Arthur Christmas: Somehow retains its charm without becoming saccahrin sweet.


I’ve always loved Aardman Animation’s sensibilities. The timing, the characters, the insight, and the ability to make the unbelievable grounded in some bizarre British reality. Nick Park’s Wallace and Grommit shorts were the start of my love, with occasional forays into thing like Creature Comforts. And frankly, I was a little concerned when Sony Pictures Animation merged with Aardman (I have yet to see the Dreamworks/Aardman production Flushed Away). Could they bridge that gap between the stop-motion animation that I loved so much, and allow it to be done in the computer? And the answer is that animation is animation no matter what the medium. And that means great animation still remains great.

The look of the film is brilliantly art directed, and both aesthetically and technically stunning. I especially was fond of the look of the cloth, like Arthur’s sweater, the fur on the Reindeer, and, oddly enough, the realism of the sand on a desert island. Driven by Sony’s renderer of choice, Arnold, the look completely brings you into the world because it looks.. well…real. And I think that its the concept of placing very stylized characters into very realistic lighting situations that prevent us from falling down into that uncanny valley that Mars Needs Moms and Beowulf got stuck in. Another example of this would be Rango (using the veteren renderer, Pixar’s Renderman), and Monster House (using a very early version of Arnold).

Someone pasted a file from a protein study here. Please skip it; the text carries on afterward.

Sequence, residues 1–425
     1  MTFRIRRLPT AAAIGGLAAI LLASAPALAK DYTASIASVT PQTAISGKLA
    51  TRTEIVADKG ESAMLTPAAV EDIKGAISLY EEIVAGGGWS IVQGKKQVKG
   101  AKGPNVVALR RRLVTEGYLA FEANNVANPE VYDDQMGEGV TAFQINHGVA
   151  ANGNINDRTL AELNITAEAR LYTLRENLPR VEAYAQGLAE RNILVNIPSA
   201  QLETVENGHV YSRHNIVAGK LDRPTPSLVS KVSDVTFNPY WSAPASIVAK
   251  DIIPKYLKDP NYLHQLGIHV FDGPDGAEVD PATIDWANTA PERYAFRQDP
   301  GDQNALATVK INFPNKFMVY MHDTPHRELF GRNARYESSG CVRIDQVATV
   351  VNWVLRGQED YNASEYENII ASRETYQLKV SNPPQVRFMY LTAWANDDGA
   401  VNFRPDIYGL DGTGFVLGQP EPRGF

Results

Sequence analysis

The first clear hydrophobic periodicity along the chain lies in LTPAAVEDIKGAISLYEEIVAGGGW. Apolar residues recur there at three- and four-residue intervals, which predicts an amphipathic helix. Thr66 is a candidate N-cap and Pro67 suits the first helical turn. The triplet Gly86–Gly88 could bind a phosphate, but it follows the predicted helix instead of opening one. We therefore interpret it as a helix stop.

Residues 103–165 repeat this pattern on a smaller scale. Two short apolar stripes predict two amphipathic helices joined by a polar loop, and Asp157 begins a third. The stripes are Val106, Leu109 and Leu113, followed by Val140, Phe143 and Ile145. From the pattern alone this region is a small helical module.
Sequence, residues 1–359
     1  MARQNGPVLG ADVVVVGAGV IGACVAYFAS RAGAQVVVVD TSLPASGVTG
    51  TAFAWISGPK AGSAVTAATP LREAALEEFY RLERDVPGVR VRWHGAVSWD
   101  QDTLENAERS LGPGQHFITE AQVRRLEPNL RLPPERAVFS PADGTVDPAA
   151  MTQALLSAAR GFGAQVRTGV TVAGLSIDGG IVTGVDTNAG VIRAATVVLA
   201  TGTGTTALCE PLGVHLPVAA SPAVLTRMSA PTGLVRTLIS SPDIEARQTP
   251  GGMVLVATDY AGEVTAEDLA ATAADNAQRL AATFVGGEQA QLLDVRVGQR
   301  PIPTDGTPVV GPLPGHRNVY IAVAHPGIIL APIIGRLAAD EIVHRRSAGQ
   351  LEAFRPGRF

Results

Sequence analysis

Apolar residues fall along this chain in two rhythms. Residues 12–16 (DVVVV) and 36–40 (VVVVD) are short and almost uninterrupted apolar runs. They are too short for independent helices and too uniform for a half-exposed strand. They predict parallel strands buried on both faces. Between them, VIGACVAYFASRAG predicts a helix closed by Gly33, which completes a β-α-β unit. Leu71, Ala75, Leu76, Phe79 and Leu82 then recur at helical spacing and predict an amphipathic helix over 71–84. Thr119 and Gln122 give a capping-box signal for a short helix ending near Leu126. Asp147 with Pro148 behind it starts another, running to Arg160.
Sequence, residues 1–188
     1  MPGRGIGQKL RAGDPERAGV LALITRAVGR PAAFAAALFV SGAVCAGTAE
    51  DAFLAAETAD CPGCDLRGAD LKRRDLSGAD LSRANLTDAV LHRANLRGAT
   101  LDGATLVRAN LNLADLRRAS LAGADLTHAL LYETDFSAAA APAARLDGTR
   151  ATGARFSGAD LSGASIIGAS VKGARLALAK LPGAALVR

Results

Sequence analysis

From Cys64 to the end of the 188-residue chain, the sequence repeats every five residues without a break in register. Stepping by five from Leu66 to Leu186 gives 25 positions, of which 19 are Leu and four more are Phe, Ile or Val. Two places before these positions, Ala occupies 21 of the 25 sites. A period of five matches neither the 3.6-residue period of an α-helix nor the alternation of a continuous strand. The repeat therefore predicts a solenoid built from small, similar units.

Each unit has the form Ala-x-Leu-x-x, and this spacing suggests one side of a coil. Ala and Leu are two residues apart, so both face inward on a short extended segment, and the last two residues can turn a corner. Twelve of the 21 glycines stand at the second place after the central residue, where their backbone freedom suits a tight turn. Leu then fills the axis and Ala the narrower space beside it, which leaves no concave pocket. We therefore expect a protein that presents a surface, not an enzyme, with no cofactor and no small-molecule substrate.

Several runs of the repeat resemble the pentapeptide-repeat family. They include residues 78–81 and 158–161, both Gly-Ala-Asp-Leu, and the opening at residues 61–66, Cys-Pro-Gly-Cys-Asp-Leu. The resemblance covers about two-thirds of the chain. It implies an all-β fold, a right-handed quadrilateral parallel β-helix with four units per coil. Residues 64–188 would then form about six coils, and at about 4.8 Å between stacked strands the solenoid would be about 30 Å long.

And really I could go on and on and get lost in the techy side of all this, but none of it would matter if there wasn’t a compelling and moving story. And Arthur Christmas has one. You really can’t go wrong when you point out that in a world of mass production and mass distribution (even at the North Pole), that every single child is important. And that its the oddball underdogs that are going to make it right. Its a story oft told, but really there isn’t a story that hasn’t already been told. The trick is to make it so intriguing that the audience loses themselves in it. And yet, with that strong message, Aardman still manages to retain that tradition wit, insight, and the ability to make the unbelievable believable. Whether its a massive secret ops army of elves, a Serengeti of wildlife floating with magic dust, or Arthur riding the forgotten little girl’s bicycle over iced-over rivers while an elf continues to wrap it — its all so damn charming a delightful that only the Grinchiest of us could say “That would never happen”

Directed and co-written by Sarah Smith (which I applaud… you rarely find a female director, and even less so a female animation director), Arthur Christmas taps into an amazing array of voice talent including James McAvoy, Hugh Laurie, Bill Nighy, and Jim Broadbent. Between Nighy’s performances at Davey Jones in the Pirates of the Caribbean films, Rattlesnake Jake in Rango, and Grandsanta in this, I think he may be my favorite voice actor at this moment (not that he’s a shlub at real acting).

I would place this in the upper echelons of favorite Christmas films, ranking up there with the Rankin and Bass classics. But not toppling the best Christmas movie of all time — Die Hard.

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